Wahȃbism, the Saudi kingdom’s official Islamic school, regards Shi‘ism as heretical, lauds an aggressive concept of jihȃd, and urges the hatred of infidels. Its clerics run the Saudi justice system and have the financial means to spread their new concept of Islam abroad. They teach armed jihȃd as a blessed activity in the defense of Islam against “infidels” and heretics, an activity that promises its followers rewards in heaven. Saudi clerics openly denounce Shi‘ites as “rejectionists” and “infidels”—a term in common currency among Sunni militants in the sectarian bloodbaths afflicting several Middle Eastern nations. Even though both Sunni and Shi‘ites honor the same Prophet (pbuh), read the same Qur’ȃn, and follow it to the best of their understanding, many of these clerics refuse to acknowledge that Shi‘ites are Muslim.
Salafism has heavily influenced Wahȃbism. Both Salafîs and Wahȃbîs regard the Qur’ân and the Ahadith (traditions and sayings of the Holy Prophet [pbuh]) as two equally valid sources of Islam. This notion is fundamentally wrong, however; the Qur’ân has clear superiority and preference over the six books of Ahadith, called “the correct six” by the ‘ulemȃ’ (religious scholars) of Wahȃbîs and Salafîs. When seeking to establish the Islamic practice for dealing with blasphemy or any other issue, you need to refer primarily to the Qur’ân and support it from the traditions (Ahadith), not the other way. In practice, however, these Muslim scholars do the latter. Apart from its procedural flaw, this method leads to inaccuracies, since the authenticity of the Holy Qur’ân is divinely established, but not all Ahadith are reliable. Even if a hadith (singular of Ahadith) is correct, there might be variations in wording or punctuation, which can lead to confusion, especially when one is trying to derive precise legal rulings. These scholars have dug into the Ahadith to find support for their views, and they have cared little whether or not the Qur’ân endorses their position. They have justified their rulings exclusively based on Ahadith, even when such “traditions” contradict Qur’ânic injunctions. To support their elevation of Ahadith to the level of Qur’ânic law, they refer to such verses as “And We have sent no Messenger but that he should be obeyed by the leave of Allah” (4:64) and “Obey Allah and obey the Apostle” (4:95).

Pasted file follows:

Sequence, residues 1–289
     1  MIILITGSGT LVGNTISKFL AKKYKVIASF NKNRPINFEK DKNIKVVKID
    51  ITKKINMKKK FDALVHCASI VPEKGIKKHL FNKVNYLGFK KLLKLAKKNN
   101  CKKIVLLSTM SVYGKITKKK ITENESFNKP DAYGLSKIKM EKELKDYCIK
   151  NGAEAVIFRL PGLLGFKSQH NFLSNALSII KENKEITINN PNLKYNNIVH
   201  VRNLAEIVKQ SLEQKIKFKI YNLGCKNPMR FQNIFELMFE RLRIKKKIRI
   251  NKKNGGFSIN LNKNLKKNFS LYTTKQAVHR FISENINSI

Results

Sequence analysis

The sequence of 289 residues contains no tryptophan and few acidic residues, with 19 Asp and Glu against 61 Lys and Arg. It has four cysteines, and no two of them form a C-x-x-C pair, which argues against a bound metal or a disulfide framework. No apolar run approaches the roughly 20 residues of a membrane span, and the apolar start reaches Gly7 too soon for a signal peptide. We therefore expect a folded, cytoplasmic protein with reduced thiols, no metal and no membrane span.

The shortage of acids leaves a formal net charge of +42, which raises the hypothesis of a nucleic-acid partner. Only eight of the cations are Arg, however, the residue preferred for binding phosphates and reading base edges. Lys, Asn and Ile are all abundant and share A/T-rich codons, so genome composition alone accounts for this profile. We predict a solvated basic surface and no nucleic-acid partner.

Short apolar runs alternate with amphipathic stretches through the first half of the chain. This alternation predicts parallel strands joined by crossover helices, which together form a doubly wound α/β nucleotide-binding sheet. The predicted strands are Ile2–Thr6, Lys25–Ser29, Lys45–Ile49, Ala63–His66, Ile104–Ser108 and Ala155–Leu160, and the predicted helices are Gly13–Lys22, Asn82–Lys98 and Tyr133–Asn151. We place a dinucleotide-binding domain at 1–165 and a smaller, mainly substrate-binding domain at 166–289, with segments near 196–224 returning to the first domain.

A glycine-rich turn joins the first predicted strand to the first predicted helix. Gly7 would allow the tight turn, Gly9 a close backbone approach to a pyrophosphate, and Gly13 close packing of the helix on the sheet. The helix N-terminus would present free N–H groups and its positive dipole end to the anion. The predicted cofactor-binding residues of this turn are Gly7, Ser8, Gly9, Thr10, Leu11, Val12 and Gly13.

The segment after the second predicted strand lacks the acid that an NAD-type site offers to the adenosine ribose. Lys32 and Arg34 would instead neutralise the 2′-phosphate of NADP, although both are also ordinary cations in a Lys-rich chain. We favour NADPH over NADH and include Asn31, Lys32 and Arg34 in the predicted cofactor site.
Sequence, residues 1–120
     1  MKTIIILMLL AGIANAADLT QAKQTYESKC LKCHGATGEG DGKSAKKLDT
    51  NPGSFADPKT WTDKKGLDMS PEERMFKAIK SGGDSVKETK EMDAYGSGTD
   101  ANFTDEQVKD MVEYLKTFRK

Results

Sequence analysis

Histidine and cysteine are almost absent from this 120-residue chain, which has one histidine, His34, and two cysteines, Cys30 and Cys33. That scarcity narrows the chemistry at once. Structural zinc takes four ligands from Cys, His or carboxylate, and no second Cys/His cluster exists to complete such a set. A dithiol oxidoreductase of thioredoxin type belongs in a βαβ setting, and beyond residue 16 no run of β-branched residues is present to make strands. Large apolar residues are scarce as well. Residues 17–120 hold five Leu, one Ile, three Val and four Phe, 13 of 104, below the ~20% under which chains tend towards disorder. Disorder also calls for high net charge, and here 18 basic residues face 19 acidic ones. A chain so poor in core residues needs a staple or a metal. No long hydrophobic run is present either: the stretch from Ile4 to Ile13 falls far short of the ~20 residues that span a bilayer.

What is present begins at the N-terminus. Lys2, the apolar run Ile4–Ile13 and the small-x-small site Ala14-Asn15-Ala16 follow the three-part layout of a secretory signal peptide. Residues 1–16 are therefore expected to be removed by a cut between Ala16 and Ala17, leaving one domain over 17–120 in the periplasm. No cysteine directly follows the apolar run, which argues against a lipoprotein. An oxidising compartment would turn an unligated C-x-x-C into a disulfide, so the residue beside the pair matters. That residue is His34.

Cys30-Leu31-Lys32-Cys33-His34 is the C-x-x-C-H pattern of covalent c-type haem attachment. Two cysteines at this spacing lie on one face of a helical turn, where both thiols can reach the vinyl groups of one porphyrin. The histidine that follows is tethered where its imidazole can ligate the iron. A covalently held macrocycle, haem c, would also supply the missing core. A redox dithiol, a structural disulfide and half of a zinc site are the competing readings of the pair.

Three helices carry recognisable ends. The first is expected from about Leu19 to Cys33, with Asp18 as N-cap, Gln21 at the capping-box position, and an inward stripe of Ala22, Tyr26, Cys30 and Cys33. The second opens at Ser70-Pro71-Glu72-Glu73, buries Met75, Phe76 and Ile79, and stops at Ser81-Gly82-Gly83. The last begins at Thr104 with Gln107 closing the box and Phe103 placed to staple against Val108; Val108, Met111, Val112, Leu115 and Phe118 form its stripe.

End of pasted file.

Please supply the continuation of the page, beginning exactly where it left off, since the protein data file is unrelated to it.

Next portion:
However, the Prophet (pbuh) never contradicted or acted against what he was told in the Qur’ân:
مَا كَانَ لِبَشَرٍ أَن يُؤْتِيَهُ اللَّهُ الْكِتَابَ وَالْحُكْمَ وَالنُّبُوَّةَ ثُمَّ يَقُولَ لِلنَّاسِ كُونُوا عِبَادًا لِّي مِن دُونِ اللَّهِ وَلَـٰكِن كُونُوا رَبَّانِيِّينَ بِمَا كُنتُمْ تُعَلِّمُونَ الْكِتَابَ وَبِمَا كُنتُمْ تَدْرُسُونَ
“It is not given to a human being that Allâh should give him the Book, the sovereignty and the prophethood and then he should say to the people, ‘Be servants to me beside Allâh.’ He would rather say, ‘Be you the sole devotees of (Allâh) the Lord, for you teach the Book and because you study (it).’” (3:79)
Therefore, there should be no divergence and disagreement between the Qur’ân and the Sunnah, the practice of Qur’ȃnic teachings by the Prophet (pbuh). The Prophet’s (pbuh) Sunnah is defined by the Qur’ân and is located strictly within the parameters of the Qur’ân. The Ahadith have no independent authority. Sharia Law must be supported by the Qur’ȃn.